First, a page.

The Building Tradesman Newspaper

Friday, September 06, 2019

Decision on overtime pay reduction about to hit workers

By The Building Tradesman

Editor's note: Under current federal law, a non-supervisory worker not covered by a collective bargaining agreement who toils more than 40 hours a week is required to be paid overtime if that worker earns less than $23,600 per year. In 2016, President Obama directed the Labor Department to broaden OT eligibility to those who earn up to $47,476 per year - with automatic inflation adjustments upward. 

Now President Trump's Labor Department is proposing to set OT eligibility to workers who earn less than $35,308 per year, with no automatic inflation increases.

By Heidi Shierholz
Economic Policy Institute

Don’t be fooled by the Trump Administration’s Labor Day pitch on overtime policy—it’s going to cost workers billions.

Soon, the Labor Department under the Trump administration will release its final rule on worker overtime. The rumor is that the administration may showcase the rule around Labor Day and claim they are taking steps to help workers. That means an important public service announcement is in order: do not be fooled! Workers would lose billions under this rule.

It is likely that the final rule will not depart radically from the proposal the administration laid out earlier this year, which was to raise the overtime salary threshold (the threshold under which salaried workers are automatically entitled to overtime pay) to $35,308 a year.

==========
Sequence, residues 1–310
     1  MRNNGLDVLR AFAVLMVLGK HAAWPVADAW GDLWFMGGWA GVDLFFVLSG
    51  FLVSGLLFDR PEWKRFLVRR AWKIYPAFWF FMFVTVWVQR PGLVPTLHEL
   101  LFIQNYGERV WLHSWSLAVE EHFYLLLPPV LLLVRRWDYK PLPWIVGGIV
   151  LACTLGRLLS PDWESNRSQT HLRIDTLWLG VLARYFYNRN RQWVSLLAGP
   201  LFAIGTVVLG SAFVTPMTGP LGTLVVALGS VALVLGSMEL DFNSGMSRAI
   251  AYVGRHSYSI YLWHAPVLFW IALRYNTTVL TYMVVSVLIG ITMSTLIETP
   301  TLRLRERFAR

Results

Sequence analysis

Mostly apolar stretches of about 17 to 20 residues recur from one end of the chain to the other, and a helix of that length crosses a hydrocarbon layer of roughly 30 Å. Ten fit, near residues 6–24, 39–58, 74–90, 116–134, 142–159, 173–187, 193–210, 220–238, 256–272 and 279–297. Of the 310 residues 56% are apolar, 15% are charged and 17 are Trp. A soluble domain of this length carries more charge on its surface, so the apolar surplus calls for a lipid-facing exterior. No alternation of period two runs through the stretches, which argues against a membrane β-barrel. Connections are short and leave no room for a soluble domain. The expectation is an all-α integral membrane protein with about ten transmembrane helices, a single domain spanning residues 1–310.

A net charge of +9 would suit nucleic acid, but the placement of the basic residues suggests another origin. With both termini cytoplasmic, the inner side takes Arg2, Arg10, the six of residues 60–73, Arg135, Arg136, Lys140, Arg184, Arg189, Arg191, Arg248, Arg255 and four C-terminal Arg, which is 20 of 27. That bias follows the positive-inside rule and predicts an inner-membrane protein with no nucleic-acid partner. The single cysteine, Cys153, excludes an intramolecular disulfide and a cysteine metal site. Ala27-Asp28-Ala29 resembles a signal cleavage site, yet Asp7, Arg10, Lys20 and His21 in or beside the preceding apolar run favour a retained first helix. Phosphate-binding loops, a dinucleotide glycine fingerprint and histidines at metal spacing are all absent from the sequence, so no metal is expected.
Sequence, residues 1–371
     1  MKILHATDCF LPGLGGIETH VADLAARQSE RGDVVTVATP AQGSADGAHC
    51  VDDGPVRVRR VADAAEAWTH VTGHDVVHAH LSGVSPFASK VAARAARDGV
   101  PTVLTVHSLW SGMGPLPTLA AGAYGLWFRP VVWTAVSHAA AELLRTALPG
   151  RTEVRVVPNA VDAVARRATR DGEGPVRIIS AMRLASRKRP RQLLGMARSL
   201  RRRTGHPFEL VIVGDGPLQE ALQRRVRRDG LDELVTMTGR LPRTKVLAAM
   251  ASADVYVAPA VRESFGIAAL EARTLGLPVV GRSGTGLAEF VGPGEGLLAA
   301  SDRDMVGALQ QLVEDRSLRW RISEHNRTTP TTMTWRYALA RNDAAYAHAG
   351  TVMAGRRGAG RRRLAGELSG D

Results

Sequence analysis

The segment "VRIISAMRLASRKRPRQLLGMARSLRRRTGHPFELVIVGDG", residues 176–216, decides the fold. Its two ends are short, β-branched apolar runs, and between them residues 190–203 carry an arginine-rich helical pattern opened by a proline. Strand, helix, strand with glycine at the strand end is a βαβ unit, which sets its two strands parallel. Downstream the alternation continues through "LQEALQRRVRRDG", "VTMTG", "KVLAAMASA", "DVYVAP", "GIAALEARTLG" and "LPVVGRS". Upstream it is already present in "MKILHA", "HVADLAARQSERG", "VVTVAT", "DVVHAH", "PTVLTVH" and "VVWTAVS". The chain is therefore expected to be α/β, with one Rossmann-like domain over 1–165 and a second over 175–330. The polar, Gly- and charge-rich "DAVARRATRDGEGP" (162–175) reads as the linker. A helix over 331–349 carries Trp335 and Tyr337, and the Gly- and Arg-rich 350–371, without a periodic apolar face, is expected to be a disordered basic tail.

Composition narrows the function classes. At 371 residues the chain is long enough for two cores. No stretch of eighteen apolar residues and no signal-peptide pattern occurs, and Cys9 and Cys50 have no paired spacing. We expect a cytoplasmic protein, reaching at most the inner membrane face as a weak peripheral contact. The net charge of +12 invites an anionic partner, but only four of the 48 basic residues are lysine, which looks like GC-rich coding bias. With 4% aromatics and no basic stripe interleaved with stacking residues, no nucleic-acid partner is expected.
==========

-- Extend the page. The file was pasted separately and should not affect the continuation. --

This is a dramatic weakening of a rule published just three years ago. In 2016, following an exhaustive rule-making process, the Labor Department finalized an overtime rule that would have increased the salary threshold to $47,476, (which was the 40th percentile of the earnings of full-time salaried workers in the lowest wage census region). 

However, a single district court judge in Texas enjoined the Department from enforcing the rule, and the court later erroneously held the rule to be invalid. Instead of defending the threshold from the egregiously flawed logic of the judge, the Labor Department abandoned the rule and proposed their much weaker threshold, which is roughly the 20th percentile of the earnings of full-time salaried workers in the lowest-wage census region.

It’s useful to note that if the overtime rule had simply been adjusted for inflation since 1975, today it would be roughly $56,500. This is more than $20,000 higher than the Trump Administration’s level! The Trump Administration’s weaker rule will leave behind an estimated 8.2 million workers who would have gotten new or strengthened overtime protections under the 2016 rule. 

This includes 4.2 million women, 3.0 million people of color, 4.7 million workers without a college degree, and 2.7 million parents of children under the age of 18. Further, the annual wage gains are $1.2 billion dollars less under the presumed Trump rule than under the 2016 rule—and these annual earnings losses will grow from $1.2 billion to $1.6 billion over the first 10 years of implementation because, unlike the 2016 rule, the Trump administration rule almost surely will not include automatic indexing (to the inflation rate).

So, if you hear the Trump administration touting how many workers will gain overtime protections under its new rule, remember the truth: instead of defending a rule that would have provided protections to millions more, the administration threw those workers under the bus and wrote a dramatically watered-down rule that appealed to the corporate executives whose interests this administration holds dear.
(The Economic Policy Institute is a think-tank backed in part by organized labor).